I would never have thought these numbers would be considered "overall, very good", considering how different they are from one amp to the other.:scratch2:
    But that's okay...I didn't know how to work the "resistors in parallel" formula until 2 days ago either...thanks for the math lesson, Dave. :thmbsp:

    What the scoop on biasing the tubes on these amps?

    thanks
    martin
     
  5. marloubow

    marloubow Best Day Ever Subscriber

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    Enid, Oklahoma
    Dandy,
    I actually looked high and low trying to find an illuminated rocker, toggle or button switch that I liked...still looking. The only other condition was it had to use the existing hole without any further enlarging.
    I am contemplating your idea as well...thanks.

    martin

    P.s.Dandy,
    Since you mentioned it and Dave, to his credit, is too modest...

    Quote:
    Dandy wrote..."Dave, I'd also like to thank you for the generous way you share your knowledge. If you ever decide to write up some online tutorials, I'll be in the queue to sign up".

    It took me forever to find it again.

    http://www.audiokarma.org/forums/att...6&d=1317298886


    Hope you don't mind Dave.
     
    Last edited: Jan 3, 2012
  6. MX117.MC7150

    MX117.MC7150 Listener Subscriber

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    Beautiful work. What are you asking for the pair? ;)
     
  7. dcgillespie

    dcgillespie Fisher SA-100 Clone

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    Martin -- Thanks for the kind words -- I always try to help where I can, as I know how I would have loved to have had a forum such as this back when I had so many questions of my own.

    The voltages to be rechecked in your amplifiers are the original voltage readings you took on V3 and V4 (the 6L6s) in the amplifiers. Additionally, at the time you check these, also check the voltages on the primary winding of the power transformer. These will be the two black leads that connect to the incoming AC power. If you will, measure directly across these two black leads, and then across the power coming directly from the AC power cord. These numbers will let us know what your AC line is running at, and how much drop is being created across the current limiter you installed.

    Also, check the AC voltage applied between pins# 2 & 7 of the 6L6 tube where the green wires are connected from the power transformer. This reading will tell us if the voltage supplied to the power transformer is within the range it was designed for.

    As to the voltages themselves, yes they are very good -- particularly on the small signal tubes (EF86 and 6SN7). It is quite common to have the voltages vary by 10% from the nominally specified voltages due to the values of individual components and variations within the vacuum tubes themselves. Also, some small signal pentode tubes like the EF86 can have even wider voltage variations and still work perfectly fine. If you look at the Sams schematic for your amplifiers, I'm sure you will find a note on it somewhere that indicates the deviation of voltages possible within "normal" operation, and the voltage supplied to the amplifier when the indicated voltage readings were taken.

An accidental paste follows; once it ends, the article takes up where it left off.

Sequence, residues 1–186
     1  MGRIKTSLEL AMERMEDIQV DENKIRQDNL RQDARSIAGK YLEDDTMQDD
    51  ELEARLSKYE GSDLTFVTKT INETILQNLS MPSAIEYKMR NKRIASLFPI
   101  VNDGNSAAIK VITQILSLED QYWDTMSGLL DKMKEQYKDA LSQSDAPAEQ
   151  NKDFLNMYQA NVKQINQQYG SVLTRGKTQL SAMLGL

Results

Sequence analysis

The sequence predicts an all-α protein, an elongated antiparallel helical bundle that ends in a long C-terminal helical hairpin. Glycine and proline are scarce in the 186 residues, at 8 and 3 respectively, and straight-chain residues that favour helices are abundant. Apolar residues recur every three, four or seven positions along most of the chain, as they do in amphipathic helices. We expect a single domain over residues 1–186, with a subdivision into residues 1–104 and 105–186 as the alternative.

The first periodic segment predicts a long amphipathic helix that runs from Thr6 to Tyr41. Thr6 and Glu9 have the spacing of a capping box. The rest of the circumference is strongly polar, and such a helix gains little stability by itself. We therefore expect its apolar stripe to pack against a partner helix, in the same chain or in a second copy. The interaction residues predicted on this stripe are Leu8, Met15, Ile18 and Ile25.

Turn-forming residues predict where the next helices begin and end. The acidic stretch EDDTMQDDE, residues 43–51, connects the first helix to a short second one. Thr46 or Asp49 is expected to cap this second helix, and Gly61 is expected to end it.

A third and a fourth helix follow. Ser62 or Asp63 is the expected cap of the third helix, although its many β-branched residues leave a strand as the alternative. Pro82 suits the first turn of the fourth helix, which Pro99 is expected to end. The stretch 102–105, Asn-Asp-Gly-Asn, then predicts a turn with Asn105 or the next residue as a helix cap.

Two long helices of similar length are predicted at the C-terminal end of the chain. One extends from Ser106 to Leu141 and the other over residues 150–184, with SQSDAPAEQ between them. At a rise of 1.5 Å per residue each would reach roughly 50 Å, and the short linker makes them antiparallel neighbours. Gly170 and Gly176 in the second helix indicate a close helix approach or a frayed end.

Dave
     
  8. marloubow

    marloubow Best Day Ever Subscriber

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    Location:
    Enid, Oklahoma
    Dave,

    I took these measurements with no significant idle time on the amps.
    Maybe 10 min. max

    New numbers...
    Amp A
    V3 pin 3 / 414
    .....pin 4 / 417
    .....pin 8 / 36.2

    V4 pin 3 / 410
    .....pin 4 / 415
    .....pin 8 / 36.2

    Amp B
    V3 pin 3 / 401
    .....pin 4 / 405
    .....pin 8 / 36.3

    V4 pin 3 / 400
    .....pin 4 / 405
    .....pin 8 / 36.3


    Amp A. Before current limiter / 118.8. After current limiter / 116.1

    Amp B. Before current limiter / 118.8. After current limiter / 116.2

    Amp A. AC across pins 2 & 7 - 6.28V

    Amp B. AC across pins 2 & 7 - 6.28V


    thanks

    martin
     
  9. dcgillespie

    dcgillespie Fisher SA-100 Clone

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    Martin -- Again, the numbers look great! The 6.28 vac applied to the heaters is within .5% of the 6.30 vac ideal. That means that the ultimate AC power applied to the power transformer is almost dead on the money of the 117 vac design center it is specified to operate at. As for the output tubes, based on the current they are drawing and the voltage applied to them, they are each dissipating about 22 watts total (if they are a matched pair), which will allow them to produce low distortion with excellent life expectancy in this design.

    I have no doubt that the amplifiers are producing very good sound for you. You've worked very hard to bring these back from the edge. Enjoy!!

    Dave
     
  10. bhamham

    bhamham Super Member

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    Way to go, Martin!

    Great analysis, Dave. I learn something from just about every post you make - many thanks!
     
  11. marloubow

    marloubow Best Day Ever Subscriber

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    Thanks Bruce!
    Do you guys know of any way to tell the mfg'ing dates of the amps?